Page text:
Judge to weigh request to dismiss Alec Baldwin shooting case for damage to evidence during testing

SANTA FE, N.M. (AP) — A New Mexico judge plans to rule Friday on a request to dismiss the sole charge against Alec Baldwin in the fatal shooting of a cinematographer over concerns the FBI damaged the firearm during forensic testing before defense attorneys could examine it.

Defense attorneys for Alec Baldwin have asked Judge Mary Marlowe Sommer to scuttle the case against Baldwin ahead of what would be a high-profile trial starting in July.

Baldwin's legal team has requested that, if the trial moves forward, the judge should at least prohibit presentation of an analysis of the gun using replacement parts by a firearms expert for the prosecution. They say investigators may have destroyed potentially exculpatory evidence while testing whether the gun might accidentally discharge without a pull of the trigger.

During a film-set rehearsal on Oct. 21, 2021, Baldwin was pointing the gun at Halyna Hutchins when it went off, killing her and wounding director Joel Souza, who survived.

Baldwin has pleaded not guilty to an involuntary manslaughter charge, which carries a maximum sentence of 18 months in prison.

Sheriff’s investigators initially sent the revolver to the FBI for routine testing, but when an FBI analyst heard Baldwin say in an ABC TV interview that he never pulled the trigger, the agency told local authorities they could conduct an accidental discharge test, though it might damage the gun.

The FBI was told by a team of investigators to go ahead, and tested the revolver by striking it from several angles with a rawhide mallet. One of those strikes fractured the gun's firing and safety mechanisms.

“They understood that this was potentially exculpatory evidence and they destroyed it anyway,” Baldwin lawyer John Bash said during a virtual court hearing Monday. “It’s outrageous and it requires dismissal.”

Prosecutors said it was “unfortunate” the gun broke, but it wasn't destroyed and the parts are still available. They say Baldwin’s attorneys still have the ability to defend their client and question the evidence against him.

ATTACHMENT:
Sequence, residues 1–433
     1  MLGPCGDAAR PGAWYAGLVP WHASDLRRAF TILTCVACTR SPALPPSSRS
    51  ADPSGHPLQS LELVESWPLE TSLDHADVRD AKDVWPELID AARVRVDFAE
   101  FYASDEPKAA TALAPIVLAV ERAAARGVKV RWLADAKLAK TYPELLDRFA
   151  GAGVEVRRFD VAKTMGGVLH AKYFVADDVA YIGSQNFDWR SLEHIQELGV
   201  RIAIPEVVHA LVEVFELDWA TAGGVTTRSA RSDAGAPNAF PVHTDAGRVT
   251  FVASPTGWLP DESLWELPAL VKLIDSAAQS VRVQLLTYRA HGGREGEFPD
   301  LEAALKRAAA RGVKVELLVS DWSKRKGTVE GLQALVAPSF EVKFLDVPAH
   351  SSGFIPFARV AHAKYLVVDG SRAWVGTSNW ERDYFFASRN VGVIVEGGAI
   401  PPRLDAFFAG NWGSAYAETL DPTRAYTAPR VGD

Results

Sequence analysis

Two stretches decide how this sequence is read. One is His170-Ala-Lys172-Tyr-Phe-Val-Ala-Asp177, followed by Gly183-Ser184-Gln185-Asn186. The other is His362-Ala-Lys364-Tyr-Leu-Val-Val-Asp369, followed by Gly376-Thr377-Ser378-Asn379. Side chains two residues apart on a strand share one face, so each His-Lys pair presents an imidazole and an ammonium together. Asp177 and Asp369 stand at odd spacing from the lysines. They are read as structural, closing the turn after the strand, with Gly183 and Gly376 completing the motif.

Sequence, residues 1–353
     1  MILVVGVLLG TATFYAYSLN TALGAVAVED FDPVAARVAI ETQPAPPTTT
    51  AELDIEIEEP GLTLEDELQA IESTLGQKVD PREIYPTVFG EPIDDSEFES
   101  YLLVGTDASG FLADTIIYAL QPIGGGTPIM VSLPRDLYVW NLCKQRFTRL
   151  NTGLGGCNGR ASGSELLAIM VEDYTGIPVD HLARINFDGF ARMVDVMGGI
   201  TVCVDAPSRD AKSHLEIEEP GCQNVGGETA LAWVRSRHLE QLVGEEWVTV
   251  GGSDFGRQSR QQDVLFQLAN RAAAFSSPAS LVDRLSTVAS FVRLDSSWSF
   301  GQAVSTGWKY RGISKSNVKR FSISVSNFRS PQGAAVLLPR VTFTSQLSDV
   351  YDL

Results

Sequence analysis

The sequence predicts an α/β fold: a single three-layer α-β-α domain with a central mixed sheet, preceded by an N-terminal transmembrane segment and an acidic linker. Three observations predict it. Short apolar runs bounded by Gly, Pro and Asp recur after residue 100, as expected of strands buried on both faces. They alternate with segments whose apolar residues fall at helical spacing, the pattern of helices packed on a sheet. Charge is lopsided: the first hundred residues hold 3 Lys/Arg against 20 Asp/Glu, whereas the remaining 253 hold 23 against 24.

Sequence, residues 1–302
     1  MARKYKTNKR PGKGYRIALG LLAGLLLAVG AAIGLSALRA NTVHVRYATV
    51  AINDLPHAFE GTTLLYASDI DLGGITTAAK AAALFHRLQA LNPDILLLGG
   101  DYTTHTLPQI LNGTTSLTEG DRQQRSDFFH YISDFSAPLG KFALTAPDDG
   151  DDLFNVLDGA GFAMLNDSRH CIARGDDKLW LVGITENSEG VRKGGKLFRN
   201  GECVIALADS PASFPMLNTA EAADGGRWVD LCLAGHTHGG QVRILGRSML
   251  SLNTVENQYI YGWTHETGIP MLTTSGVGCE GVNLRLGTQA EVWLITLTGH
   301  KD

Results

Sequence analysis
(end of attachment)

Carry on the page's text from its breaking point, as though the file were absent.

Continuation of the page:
Baldwin's lawyers say authorities went ahead with destructive testing of the gun without bothering to disassemble it and photograph the parts first, thus eliminating their most critical evidence in the case. Noting damage to the top notch on the revolver's hammer, they urged the judge to prohibit a jury from viewing an analysis of the reconstructed gun.

Several hours of testimony about the gun and forensic testing during online hearings provided a dress rehearsal for the possible trial against Baldwin. Attorneys for Baldwin gave long and probing cross-examinations of the lead detective, an FBI forensic firearm investigator and the prosecution's independent gun expert, Lucien Haag.

Special prosecutor Erlinda Ocampo Johnson told the court Monday that the defense has plenty of gun evidence to work with at the trial.

She added that all available evidence, from witness testimony to video footage of Baldwin firing the revolver, showed the gun was in good working order on the day of the shooting and that police had no reason to believe its internal workings could provide exonerating evidence.

Prosecutors plan to present evidence that they say shows the firearm “could not have fired absent a pull of the trigger” and was working properly before the shooting.

Armorer Hannah Gutierrez-Reed was convicted in March of involuntary manslaughter for her role in the shooting and was sentenced to 1.5 years in prison.

Since the 2021 shooting, the filming of “Rust” resumed but moved to Montana under an agreement with Hutchins’ husband, Matthew Hutchins, which made him an executive producer. The completed movie has not yet been released for public viewing.